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Kraninger Sets Tone for Vigorous Enforcement Agenda in Decisions on Five Petitions to Modify or Set Aside CFPB CIDs

Consumer advocates have heavily criticized Director Kraninger and former Acting Director Mick Mulvaney for taking a much less aggressive attitude towards enforcement than former Director Cordray.  While there are fewer lawsuits and consent orders under the Kraninger/Mulvaney leadership than under the Cordray leadership, the CFPB’s enforcement activities are still quite robust as exemplified by the five decisions and orders issued by Director Kraninger on April 25 in which she, with minor changes, strictly enforced five separate CFPB civil investigative demands (CIDs).  These decisions and orders largely flew under the radar until Jeff Ehrlich, CFPB Deputy Enforcement Director, mentioned them on May 20 in Chicago when he spoke at the PLI 24th Annual Consumer Financial Services Institute, which I co-chaired.

On April 23, the CFPB announced that in an effort to provide more transparency to CID recipients, it would provide more specific information in CID notifications of purpose.  Director Kraninger’s April 25th decisions and orders granted those petitions to modify or set aside the CIDs that included a challenge to the sufficiency of the CID’s notification of purpose but only as to that challenge.  (Her decisions and orders modify the notifications consistent with the Bureau’s April 23rd announcement.)  However, Director Kraninger denied those petitions as to all other challenges and fully denied the petitions that did not include such a challenge.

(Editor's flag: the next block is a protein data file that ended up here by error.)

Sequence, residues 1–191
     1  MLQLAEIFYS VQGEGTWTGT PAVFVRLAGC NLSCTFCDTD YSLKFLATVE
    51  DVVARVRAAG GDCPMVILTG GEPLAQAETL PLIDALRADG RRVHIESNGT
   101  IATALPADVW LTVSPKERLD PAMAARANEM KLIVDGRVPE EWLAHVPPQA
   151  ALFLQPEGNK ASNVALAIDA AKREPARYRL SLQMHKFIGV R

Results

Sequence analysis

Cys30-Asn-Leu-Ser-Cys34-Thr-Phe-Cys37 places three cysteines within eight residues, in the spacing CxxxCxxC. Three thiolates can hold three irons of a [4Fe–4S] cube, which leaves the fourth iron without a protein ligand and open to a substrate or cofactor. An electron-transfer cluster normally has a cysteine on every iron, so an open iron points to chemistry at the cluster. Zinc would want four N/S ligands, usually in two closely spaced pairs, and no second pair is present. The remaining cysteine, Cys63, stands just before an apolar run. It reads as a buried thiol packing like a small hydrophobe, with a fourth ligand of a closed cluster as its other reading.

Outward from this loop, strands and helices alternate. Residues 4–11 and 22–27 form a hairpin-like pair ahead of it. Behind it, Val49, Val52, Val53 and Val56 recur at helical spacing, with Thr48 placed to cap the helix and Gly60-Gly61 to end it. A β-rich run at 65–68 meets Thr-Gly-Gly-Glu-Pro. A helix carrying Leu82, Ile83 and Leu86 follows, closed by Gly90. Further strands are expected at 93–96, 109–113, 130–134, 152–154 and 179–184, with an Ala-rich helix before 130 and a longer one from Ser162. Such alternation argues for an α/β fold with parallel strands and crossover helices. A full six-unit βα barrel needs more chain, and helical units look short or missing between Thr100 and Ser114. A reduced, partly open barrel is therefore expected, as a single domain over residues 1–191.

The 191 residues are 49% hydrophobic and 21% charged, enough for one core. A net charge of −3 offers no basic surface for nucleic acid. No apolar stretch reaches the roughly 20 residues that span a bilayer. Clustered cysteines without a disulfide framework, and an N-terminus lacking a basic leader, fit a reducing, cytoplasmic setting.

The five decisions and orders consist of the following:

  • In re Fastbucks